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Thursday, Aug. 30, 2007 05:37 pm

Power to the pumpkin people

After outcry, Morton punkin-chuckin’ contest to continue after all

Untitled Document The people have spoken — and they want their flying pumpkins. Earlier this summer, the Morton Chamber of Commerce, which has coordinated an annual punkin-chuckin’ contest since the mid-’90s, dropped a bomb by announcing that the contest would be suspended indefinitely. Despite the popularity of the sport, the number of entrants, who design and build the impressive-looking pumpkin-firing contraptions, had experienced no growth. Organizing the contest also strained the chamber’s staff, volunteers, and resources at the expense of other events throughout the year. “We were real disappointed, because we’ve been participating since the beginning,” says Doug Diefenbach, a member of the Tremont-based team that operates the ACME Catapult, which holds Morton’s record catapult and is often hired to chuck appliances and light machinery (but not people) for charity events. Diefenbach contends that the event could have been profitable if more food vendors participated and there were more activities for kids. He got his wish. After a chorus of disapproval from chuckin’ fans, Morton Mayor Norman Durflinger proclaimed last week that the village, which boasts of processing all but 15 percent of the nation’s pumpkins, would hold the event after all. Susan Pyles, Morton’s director of tourism, says that the event was made possible by the help of several groups. The Morton Business Association, the Morton Hospitality Association, the Morton Jaycees, the Morton Kiwanis, and the Morton Knights of Columbus will work with the Chamber to host the punkin-chuckin’ contest, now in its 11th year. The sport of punkin chuckin’ involves hurling beta-carotene-rich gourds from a catapult, air cannon, ballista (which resembles a large crossbow), slingshot, or the medieval trebuchet. ACME’s 7,000-pound steel catapult uses 40 springs and stands 32 feet tall when fired. Several short documentaries on punkin chuckin’ can be found on the Web. This year, activities have been added that, Pyles says, should make the punkin-chuckin’ festival “the perfect family outing.”
Punkin Chuckin’ 2007 will be held Oct. 20 and 21 at the Uhlman family farm in Tazewll County (corner of Springfield and Allentown roads; $5 for parking; 309-266-5135). If melons traveling at speeds up to 300 mph aren’t your speed, here’s the scoop on some more pumpkin-related stuff going on in central Illinois: Allerton Park Diversified Farm (515 Old Timber Rd., 217-244-1035) will host its annual Pumpkinpalooza 11 a.m.-5 p.m. Sunday, Oct. 14. Admission is free, but fees may be charged for some events such as games and hayrides.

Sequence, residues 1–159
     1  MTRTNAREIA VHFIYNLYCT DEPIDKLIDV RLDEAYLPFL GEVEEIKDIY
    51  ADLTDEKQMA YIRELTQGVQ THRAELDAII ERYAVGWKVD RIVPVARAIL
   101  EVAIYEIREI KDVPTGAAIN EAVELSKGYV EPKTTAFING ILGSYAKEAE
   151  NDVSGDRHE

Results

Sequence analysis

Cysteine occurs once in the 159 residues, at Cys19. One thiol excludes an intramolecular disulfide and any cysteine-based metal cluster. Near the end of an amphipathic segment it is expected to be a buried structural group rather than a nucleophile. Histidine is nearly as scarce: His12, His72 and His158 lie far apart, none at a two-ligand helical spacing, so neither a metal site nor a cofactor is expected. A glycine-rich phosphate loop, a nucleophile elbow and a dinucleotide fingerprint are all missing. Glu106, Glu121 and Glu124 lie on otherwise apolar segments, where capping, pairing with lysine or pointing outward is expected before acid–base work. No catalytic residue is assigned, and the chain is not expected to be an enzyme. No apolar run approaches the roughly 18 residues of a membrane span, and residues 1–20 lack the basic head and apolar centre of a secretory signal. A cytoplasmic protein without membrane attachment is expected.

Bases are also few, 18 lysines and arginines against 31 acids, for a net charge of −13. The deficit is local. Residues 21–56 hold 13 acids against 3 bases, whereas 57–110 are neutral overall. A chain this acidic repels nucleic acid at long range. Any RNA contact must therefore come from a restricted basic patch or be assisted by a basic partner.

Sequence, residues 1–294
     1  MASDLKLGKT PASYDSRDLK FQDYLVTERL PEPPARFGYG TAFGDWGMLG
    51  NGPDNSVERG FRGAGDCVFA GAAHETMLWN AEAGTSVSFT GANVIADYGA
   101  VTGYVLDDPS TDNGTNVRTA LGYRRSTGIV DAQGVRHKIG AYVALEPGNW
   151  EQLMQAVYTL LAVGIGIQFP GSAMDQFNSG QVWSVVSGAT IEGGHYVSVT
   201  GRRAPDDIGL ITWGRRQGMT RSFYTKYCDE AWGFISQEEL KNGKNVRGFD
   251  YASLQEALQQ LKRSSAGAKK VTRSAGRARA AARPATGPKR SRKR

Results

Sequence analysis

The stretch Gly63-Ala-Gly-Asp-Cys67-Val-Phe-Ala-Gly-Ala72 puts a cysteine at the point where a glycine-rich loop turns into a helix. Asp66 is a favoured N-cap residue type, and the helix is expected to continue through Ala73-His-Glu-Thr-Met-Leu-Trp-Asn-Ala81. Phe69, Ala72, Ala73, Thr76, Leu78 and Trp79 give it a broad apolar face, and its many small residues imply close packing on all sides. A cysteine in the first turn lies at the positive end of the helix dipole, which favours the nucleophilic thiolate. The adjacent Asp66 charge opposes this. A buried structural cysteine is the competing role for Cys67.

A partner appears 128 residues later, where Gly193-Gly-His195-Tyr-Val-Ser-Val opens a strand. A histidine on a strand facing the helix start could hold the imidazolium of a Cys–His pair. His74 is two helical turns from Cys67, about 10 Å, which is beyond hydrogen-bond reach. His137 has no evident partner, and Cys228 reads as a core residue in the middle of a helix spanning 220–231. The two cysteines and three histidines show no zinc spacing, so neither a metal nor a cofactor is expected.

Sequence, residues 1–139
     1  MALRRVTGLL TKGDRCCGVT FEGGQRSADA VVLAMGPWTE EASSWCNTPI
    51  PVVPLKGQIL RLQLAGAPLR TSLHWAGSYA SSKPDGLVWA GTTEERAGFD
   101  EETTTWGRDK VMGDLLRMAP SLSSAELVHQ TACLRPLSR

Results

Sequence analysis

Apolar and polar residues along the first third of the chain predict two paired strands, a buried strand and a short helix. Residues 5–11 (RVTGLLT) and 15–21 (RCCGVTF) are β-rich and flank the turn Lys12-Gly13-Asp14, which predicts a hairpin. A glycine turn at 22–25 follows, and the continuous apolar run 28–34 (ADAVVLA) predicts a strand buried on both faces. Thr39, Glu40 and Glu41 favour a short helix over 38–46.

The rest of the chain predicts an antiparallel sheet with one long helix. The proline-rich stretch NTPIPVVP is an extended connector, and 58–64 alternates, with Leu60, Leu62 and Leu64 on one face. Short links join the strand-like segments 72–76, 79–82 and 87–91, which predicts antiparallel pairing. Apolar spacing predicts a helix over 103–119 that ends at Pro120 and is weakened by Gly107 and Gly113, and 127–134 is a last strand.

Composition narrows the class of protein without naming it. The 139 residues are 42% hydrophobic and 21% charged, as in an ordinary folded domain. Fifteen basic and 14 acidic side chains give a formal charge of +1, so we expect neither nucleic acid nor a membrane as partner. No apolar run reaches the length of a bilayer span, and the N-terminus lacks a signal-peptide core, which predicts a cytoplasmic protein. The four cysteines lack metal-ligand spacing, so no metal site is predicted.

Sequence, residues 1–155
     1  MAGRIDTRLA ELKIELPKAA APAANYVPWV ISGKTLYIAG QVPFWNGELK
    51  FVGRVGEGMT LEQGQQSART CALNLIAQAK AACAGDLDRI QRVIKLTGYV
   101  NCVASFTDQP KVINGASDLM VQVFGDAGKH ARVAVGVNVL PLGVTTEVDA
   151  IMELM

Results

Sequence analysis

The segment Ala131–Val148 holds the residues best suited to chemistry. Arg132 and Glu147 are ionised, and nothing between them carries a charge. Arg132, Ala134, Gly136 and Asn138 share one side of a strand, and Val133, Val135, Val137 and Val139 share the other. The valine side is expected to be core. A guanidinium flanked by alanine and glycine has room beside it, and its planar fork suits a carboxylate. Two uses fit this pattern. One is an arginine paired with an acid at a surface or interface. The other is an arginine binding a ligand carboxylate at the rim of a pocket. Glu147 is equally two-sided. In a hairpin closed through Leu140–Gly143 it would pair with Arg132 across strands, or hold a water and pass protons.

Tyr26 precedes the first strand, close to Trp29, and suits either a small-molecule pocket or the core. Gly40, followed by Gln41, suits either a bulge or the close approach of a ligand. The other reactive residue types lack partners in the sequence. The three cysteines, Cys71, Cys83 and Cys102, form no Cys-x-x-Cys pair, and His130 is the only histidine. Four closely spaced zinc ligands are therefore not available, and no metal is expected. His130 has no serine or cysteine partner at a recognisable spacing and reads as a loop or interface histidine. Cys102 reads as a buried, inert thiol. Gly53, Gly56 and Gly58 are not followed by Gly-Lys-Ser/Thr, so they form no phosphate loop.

Besides pumpkins, Curtis Orchard (3902 S. Duncan Rd., Champaign, 217-359-5565) offers pick-your-own apples, fresh homemade doughnuts, pony rides, a corn maze, kettle corn, and gem mining. Pumpkin-picking season at the family-owned farm begins in mid-September. Hours of operation are 9 a.m.-6 p.m. Monday-Saturday and 11 a.m.-6 p.m. Sunday. The Great Pumpkin Patch, in Arthur, offers more than 400 varieties of pumpkin, which belong to the same family as watermelons, cucumbers, butternut squash, and zucchinis. Opening on Sept. 14 and lasting appropriately through Halloween, the Great Pumpkin Patch is also the site of a one-room schoolhouse built in 1912, farm animals, and mazes. Sitting on the line between Douglas and Moultrie counties, Arthur is home to the largest Amish community in Illinois. The farm is open 9 a.m.-6 p.m. Admission for giant pumpkins, ages 13 and up, costs $3. Pumpkin heads, ages 6 and 12, pay $1. Jack-B-Littles, under age 6, get in free. Visit www.thegreatpumpkinpatch.biz or call 217-543-2394 for information.
Gail’s Pumpkin Patch opens on Sept. 15. In addition to pumpkins, the farm sells mums, ornamental, straw bales, and homemade honey. On Sunday, Sept. 23, the farm, located in Beason, hosts Fall Farm Day, 1-5 p.m. with pumpkin and face painting, beeswax-candle-making, and a honey-extraction demonstration. Gail’s Pumpkin Patch is open daily until 5:30 p.m. For more information call 217-447-3409 (1709 2000th Ave., Beason, www.gailspumpkinpatch.com). As headquarters to Libby’s pumpkin canning plant, Morton, the self-proclaimed global capital of globular gourds, also hosts the largest pumpkin celebration in Illinois. The 41st Annual Morton Pumpkin Festival, taking place Sept. 12-15, offers a Big Wheel race for children under the age of 11, as well as a softball tourney, a 10K run/walk, daily concerts, and art, photography, quilting, and craft shows. Visit www.pumpkincapital.com for a complete list of events and attractions.
Contact R.L. Nave at rnave@illinoistimes.com.
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